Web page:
Metabolism is a hot topic in immunology. Immune cells carry out diverse functions by exploiting different pathways of taking in nutrients and generating energy. Accordingly, metabolic processes such as glycolysis and oxidative phosphorylation are now front and center in understanding how cells behave in the context of normal and pathogenic immune responses. Read More
The inflamed joint is a complex place. Many different types of cells must interact with each other to initiate and sustain inflammation and tissue injury. These include both those resident in the joint before inflammation started and cells that were recruited or developed later. To get a handle on this complexity, investigators need methods that can provide highly detailed portraits of individual cells. A major goal of the Joint Biology Consortium’s Cellular Systems Core, directed by Dr. Jim Lederer, is to accelerate research by JBC members through two such methods: cytometry by time of flight (CyTOF) mass cytometry and RNA sequencing (RNA-seq). Read More
A single genetic variant in PTPN22 has been known for over a decade to convey risk for rheumatoid arthritis (RA), but exactly how remains a mystery. Led by rheumatologist and researcher Dr. I-Cheng Ho, investigators at BWH are using the JBC to understand PTPN22 as a regulator of citrullination, the post-translational protein modification of arginine that plays a leading role in RA biology. Read More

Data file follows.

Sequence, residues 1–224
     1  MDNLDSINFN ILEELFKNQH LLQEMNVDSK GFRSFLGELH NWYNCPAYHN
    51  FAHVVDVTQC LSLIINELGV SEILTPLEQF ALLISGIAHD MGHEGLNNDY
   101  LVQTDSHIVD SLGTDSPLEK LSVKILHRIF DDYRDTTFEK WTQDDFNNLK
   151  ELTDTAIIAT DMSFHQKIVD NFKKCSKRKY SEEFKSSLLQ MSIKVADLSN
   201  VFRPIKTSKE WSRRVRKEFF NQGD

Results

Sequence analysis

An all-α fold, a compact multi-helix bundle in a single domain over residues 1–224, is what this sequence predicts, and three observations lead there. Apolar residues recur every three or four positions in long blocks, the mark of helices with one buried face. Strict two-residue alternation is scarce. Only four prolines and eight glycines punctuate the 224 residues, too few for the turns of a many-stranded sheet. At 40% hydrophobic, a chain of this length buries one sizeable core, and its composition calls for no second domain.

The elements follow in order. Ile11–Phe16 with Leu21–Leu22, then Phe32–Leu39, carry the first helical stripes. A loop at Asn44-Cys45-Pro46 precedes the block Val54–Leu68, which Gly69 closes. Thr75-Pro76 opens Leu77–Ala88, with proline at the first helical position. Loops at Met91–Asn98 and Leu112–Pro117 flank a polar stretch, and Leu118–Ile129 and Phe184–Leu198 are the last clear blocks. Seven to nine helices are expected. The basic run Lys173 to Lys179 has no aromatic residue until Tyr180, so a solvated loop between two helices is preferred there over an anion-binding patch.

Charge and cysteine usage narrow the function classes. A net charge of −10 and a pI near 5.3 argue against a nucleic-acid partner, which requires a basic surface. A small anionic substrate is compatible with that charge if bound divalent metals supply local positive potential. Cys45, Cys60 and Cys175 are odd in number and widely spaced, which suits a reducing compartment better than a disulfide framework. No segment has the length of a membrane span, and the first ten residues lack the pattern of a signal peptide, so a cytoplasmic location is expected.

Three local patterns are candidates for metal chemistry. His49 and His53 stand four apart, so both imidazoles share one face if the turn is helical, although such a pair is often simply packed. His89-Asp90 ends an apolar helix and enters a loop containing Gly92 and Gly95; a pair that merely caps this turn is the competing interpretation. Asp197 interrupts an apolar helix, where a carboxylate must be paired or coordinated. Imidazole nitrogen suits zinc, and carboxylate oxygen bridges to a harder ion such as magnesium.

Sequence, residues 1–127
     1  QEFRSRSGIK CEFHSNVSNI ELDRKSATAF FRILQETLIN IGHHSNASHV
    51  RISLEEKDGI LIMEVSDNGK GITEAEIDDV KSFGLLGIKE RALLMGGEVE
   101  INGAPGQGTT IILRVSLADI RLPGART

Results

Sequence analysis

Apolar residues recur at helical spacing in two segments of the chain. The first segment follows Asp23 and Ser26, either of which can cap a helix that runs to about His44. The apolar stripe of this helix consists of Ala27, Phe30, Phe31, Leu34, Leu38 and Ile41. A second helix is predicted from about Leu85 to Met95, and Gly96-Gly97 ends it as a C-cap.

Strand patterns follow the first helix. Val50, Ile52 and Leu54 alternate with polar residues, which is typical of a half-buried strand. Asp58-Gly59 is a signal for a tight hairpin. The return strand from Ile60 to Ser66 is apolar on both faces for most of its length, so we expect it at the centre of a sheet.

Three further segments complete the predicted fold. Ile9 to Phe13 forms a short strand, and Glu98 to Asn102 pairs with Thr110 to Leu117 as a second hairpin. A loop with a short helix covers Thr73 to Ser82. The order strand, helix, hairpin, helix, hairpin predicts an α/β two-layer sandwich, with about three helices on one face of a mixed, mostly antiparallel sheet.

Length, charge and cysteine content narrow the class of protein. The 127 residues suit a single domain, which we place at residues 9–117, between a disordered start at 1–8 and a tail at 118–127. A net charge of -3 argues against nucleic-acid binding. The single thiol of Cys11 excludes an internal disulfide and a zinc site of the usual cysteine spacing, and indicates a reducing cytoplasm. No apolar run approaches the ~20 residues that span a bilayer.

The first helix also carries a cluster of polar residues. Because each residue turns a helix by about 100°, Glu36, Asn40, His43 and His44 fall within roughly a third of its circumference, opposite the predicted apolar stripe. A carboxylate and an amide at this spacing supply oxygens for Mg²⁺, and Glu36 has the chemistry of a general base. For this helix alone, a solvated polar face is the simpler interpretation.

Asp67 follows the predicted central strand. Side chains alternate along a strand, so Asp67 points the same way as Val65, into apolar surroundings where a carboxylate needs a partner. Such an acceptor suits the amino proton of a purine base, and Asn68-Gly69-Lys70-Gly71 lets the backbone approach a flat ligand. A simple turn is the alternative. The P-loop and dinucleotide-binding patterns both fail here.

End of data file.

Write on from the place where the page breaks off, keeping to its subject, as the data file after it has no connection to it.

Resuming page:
Conducting high-quality translational research in rheumatology is increasingly difficult. Major projects often require a range of methods, from patient recruitment to cutting-edge ‘omics technologies to big-data bioinformatics. Most research groups lack the expertise to cover this range, and so must either limit the scope of their work or expend substantial effort working outside their “comfort zone” to achieve their research goals. Neither of these options efficiently advances the science of rheumatology.
Along with inflammatory arthritis, overproduction of autoantibodies is a defining feature of rheumatoid arthritis (RA), particularly autoantibodies against citrullinated proteins (ACPAs). The clinical significance of these ACPAs, other than for diagnosing RA, has been unclear. Previous studies have focused on association studies between a few ACPAs and one or two specific RA phenotypes – for example, an association between anti–citrullinated histone H2B antibodies and coronary artery calcium scores in patients with RA. But such an approach cannot identify potential associations with a wider array of untested phenotypes.
Big data will drive precision medicine in rheumatology. At Brigham and Women’s Hospital (BWH), the combination of massive databases with genomic and clinical data will open new capabilities for the diagnosis, care, and even prevention of rheumatic disease. BWH has invested in large-scale data collection that is now is bearing fruit. The Partners HealthCare Biobank repository of DNA, plasma, and serum samples now has more than 78,000 participants, with 20,000 genotyped samples, as well as survey data with family history, lifestyle and environmental information.